Lay theories of psychotherapy: Perceptions of the efficacy of different 'cures' for specific disorders

  • Furnham A
  • Pereira E
  • Rawles R
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Abstract

This study concerns the structure and determinants of lay beliefs about psychotherapy in general and specifically the effectiveness of various therapies for four different disorders. Two hundred and seventeen participants completed a two-part questionnaire. The first part was a replication of Furnham and Wardley’s (1990) ‘Attitudes to and beliefs about psychotherapy’ questionnaire, while the second part was a modified version of Furnham and Wardley’s (1991) ‘Efficacy of psychological cures’ questionnaire. Participants had to rate the effectiveness of 24 different therapies for depression, schizophrenia, delusional disorder and anorexia nervosa. The highest and lowest rated item of the first questionnaire replicated earlier findings. Participants’ efficacy ratings of the different therapies did differ markedly across the disorders. The mean ratings revealed more optimism about the ‘curability of depression’ as opposed to the other three disorders. Factor analysis of the ratings of efficacy of the 24 therapies revealed four factors: cognitive, behavioural, physical and rational. Cognitive therapies were thought most appropriate for delusional disorders, behaviour therapies for depression and physical therapies for anorexia. Results were discussed in terms of how people acquire knowledge of clinical psychological processes.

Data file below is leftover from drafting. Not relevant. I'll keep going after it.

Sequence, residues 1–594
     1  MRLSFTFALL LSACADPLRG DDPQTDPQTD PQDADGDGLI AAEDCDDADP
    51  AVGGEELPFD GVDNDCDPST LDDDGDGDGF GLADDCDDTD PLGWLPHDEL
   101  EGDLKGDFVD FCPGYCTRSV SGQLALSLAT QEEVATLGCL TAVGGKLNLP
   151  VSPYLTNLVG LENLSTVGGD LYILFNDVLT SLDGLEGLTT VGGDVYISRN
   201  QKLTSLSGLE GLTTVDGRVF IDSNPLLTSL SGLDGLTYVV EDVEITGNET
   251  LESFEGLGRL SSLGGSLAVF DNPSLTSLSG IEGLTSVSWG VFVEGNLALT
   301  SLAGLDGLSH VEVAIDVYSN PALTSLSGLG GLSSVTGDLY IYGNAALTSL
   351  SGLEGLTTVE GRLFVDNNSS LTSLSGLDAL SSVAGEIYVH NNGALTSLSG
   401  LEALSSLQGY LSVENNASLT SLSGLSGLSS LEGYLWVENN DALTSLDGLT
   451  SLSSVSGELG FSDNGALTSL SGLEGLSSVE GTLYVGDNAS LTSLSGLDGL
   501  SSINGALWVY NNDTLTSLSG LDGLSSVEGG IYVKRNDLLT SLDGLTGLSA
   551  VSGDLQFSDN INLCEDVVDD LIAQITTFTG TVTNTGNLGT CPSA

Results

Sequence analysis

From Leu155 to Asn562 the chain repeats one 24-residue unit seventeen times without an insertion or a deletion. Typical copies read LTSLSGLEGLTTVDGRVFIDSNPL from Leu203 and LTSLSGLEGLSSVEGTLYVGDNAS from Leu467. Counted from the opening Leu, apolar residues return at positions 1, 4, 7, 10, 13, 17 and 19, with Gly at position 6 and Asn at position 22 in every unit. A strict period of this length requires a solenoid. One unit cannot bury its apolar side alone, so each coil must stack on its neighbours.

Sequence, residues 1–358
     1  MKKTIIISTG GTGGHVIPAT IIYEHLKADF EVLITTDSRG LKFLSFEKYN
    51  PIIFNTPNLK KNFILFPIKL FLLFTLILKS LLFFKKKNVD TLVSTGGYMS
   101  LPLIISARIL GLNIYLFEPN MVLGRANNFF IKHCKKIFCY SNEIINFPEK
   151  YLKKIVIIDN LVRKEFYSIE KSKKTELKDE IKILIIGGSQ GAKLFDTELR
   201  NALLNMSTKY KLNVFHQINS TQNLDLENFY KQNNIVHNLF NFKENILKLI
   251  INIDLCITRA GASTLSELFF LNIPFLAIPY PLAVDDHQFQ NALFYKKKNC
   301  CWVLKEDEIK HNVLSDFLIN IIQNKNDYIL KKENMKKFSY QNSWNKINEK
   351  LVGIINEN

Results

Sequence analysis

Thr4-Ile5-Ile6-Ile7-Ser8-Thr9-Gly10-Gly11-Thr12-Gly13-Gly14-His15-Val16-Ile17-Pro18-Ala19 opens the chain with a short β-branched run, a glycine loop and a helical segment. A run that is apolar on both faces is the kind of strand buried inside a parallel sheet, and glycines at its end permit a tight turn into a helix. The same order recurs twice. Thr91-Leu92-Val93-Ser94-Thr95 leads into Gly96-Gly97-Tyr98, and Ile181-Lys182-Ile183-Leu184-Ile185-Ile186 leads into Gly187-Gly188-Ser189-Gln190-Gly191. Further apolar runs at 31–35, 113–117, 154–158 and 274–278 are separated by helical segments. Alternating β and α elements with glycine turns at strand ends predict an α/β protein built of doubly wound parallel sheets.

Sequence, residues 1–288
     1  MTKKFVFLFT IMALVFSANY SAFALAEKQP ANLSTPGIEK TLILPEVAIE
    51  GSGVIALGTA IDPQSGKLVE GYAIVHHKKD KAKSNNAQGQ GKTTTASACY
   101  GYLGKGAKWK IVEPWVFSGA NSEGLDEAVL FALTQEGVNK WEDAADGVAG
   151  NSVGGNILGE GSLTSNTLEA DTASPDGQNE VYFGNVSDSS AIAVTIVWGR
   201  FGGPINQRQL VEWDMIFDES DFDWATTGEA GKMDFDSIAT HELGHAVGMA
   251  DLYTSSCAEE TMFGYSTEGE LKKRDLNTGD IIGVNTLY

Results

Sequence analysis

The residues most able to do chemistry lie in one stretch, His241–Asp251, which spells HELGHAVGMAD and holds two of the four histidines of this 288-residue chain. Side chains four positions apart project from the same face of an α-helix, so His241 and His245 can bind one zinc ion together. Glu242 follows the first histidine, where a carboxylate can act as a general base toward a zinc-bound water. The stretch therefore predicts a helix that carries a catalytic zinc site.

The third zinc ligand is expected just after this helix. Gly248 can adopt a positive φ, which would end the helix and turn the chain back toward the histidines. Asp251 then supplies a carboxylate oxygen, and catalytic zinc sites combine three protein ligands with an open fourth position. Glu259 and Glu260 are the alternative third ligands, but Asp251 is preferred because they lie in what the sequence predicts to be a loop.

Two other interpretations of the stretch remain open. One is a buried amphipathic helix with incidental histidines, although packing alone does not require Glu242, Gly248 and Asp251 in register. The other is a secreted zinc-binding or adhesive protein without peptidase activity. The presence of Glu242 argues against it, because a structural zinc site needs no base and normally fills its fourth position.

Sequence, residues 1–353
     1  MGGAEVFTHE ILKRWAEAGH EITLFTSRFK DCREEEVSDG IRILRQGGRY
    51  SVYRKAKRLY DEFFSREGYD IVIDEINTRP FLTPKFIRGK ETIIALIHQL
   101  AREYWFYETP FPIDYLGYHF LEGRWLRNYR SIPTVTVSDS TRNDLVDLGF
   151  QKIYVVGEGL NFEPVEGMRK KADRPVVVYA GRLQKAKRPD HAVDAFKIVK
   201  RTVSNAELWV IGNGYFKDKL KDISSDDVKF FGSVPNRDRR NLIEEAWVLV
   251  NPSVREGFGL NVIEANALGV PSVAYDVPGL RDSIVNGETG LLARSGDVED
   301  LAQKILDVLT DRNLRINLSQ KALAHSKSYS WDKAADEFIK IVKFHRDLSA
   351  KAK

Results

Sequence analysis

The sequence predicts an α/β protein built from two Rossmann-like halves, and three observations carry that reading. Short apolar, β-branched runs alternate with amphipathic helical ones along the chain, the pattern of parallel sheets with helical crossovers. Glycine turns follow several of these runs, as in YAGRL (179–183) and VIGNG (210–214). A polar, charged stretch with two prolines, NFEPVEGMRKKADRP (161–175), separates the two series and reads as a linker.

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Authors

  • A. Furnham

  • E. Pereira

  • R. Rawles

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